A comparative study of the corneal endothelium in vertebrates

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    In vertebrates, a corneal endothelium is essential for the maintenance of corneal transparency in a variety of environments, including aerial, terrestrial and aquatic. Knowledge of the surface structure of the corneal endothelium may assist our understanding of this unique tissue and its evolutionary development. Except for humans and some mammals, there have been few studies of other vertebrates, particularly the unique Australian species.

    The field emission scanning electron microscope was used to study the corneal endothelium in representatives of four vertebrate classes: Teleostei (five species), Reptilia (two species), Aves (four species) and Mammalia (three species), including Marsupialia (two species). Endothelial cell densities were calculated from micrographs using computer-based image analysis.

    The cell densities varied considerably from 1,900 +/- 197 cells per mm(2) for the bream to 11,734 +/- 1,687 cells per mm(2) for the emu. Most of the corneal endothelia were similar to those reported for mammals. However, in some species such as the koala, the pattern was irregular. Some endothelial cells in birds possessed cilia.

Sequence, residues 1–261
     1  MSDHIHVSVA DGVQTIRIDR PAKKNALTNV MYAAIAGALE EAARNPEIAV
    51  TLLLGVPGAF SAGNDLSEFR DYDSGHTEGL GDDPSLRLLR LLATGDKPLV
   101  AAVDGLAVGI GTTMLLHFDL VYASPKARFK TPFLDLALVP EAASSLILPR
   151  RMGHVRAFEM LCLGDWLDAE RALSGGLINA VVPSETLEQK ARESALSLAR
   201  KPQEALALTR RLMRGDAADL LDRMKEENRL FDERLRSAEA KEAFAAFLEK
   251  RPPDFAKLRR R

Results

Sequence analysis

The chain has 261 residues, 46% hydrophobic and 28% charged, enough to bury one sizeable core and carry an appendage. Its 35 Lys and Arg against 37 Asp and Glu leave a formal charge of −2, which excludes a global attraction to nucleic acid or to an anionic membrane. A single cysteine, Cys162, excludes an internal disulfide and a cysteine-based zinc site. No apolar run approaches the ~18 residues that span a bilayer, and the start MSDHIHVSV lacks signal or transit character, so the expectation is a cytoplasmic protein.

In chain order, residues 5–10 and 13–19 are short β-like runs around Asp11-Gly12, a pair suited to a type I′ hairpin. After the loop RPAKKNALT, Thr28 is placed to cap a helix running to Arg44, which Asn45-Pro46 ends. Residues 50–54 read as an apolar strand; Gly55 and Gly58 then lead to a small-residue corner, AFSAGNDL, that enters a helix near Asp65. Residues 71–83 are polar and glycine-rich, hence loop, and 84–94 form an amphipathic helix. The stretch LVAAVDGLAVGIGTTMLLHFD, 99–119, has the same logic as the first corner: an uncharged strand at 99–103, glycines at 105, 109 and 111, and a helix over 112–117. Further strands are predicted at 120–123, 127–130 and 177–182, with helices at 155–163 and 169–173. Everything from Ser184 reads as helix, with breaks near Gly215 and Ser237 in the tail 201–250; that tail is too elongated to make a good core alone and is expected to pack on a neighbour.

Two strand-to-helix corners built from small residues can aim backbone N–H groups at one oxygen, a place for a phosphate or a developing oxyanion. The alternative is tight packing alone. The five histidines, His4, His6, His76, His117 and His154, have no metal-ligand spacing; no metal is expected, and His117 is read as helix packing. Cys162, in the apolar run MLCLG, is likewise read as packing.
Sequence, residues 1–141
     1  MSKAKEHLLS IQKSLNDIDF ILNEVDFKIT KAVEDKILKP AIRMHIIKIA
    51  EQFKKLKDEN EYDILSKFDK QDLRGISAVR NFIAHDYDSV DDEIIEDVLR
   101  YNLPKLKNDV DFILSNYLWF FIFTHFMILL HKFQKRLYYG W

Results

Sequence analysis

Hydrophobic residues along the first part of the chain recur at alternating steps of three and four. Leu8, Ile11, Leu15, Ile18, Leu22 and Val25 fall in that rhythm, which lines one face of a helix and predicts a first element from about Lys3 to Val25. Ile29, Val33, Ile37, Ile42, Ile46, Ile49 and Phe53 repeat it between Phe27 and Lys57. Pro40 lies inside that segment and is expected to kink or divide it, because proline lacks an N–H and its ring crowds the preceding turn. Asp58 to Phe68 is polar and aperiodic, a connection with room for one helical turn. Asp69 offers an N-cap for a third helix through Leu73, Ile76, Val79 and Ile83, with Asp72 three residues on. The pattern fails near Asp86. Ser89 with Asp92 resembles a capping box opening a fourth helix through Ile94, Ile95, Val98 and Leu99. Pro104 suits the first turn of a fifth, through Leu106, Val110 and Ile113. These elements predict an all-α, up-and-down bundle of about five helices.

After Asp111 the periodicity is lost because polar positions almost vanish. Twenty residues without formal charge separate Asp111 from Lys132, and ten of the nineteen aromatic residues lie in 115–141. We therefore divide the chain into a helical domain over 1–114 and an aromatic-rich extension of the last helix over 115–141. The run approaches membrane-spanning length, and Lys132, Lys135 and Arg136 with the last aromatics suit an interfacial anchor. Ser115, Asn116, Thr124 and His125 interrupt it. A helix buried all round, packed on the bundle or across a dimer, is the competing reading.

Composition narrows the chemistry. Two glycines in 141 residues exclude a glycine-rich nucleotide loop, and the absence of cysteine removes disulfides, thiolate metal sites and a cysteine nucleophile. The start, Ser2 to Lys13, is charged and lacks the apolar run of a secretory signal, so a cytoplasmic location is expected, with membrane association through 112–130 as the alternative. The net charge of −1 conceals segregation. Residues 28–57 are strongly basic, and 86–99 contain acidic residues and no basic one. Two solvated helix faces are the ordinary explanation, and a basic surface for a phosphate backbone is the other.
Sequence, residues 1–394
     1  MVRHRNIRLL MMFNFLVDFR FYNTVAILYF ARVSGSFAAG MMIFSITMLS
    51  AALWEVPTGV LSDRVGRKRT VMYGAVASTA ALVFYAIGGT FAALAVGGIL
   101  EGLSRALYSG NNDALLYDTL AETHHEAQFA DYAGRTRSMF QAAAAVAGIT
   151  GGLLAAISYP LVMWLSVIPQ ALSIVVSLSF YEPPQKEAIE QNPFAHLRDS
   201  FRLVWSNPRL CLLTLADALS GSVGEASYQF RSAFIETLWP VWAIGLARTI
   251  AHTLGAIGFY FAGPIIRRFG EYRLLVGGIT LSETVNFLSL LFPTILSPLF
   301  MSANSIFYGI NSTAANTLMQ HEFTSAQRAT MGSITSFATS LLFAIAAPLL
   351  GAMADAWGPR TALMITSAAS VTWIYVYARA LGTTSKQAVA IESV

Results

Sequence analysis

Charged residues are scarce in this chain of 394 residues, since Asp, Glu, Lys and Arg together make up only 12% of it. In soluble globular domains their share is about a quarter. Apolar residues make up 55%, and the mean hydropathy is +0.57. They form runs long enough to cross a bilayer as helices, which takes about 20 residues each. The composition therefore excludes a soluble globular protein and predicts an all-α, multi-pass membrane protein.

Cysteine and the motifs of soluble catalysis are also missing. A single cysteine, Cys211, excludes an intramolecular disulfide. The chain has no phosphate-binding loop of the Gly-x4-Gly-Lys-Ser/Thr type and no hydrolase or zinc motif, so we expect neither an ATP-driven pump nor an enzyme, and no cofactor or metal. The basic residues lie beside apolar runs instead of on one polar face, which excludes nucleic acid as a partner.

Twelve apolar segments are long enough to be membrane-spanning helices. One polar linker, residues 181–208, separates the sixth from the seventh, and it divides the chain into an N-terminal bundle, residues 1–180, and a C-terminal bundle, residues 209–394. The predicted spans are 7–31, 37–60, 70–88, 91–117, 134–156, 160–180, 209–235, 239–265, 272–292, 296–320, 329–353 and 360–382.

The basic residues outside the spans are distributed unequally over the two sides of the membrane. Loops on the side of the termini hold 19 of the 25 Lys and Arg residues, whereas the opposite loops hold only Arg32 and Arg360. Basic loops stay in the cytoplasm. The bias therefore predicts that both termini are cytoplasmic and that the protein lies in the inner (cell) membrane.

The shape of the corneal endothelial cells of vertebrates is typically a mixture of hexagonal and pentagonal cells, in which the cell borders are irregular and interdigitating. An exception is the koala, in which the cells were markedly irregular. Many of the cells have surface microvilli but only in the birds are cilia found in the centre of many endothelial cells. In spite of the range of corneal environments, there are no systematic differences in the cell densities of the various classes and species.
    Original languageEnglish
    Pages (from-to)245-254
    Number of pages9
    JournalClinical & experimental optometry : journal of the Australian Optometrical Association.
    Issue number6
    Publication statusPublished - Nov 1998


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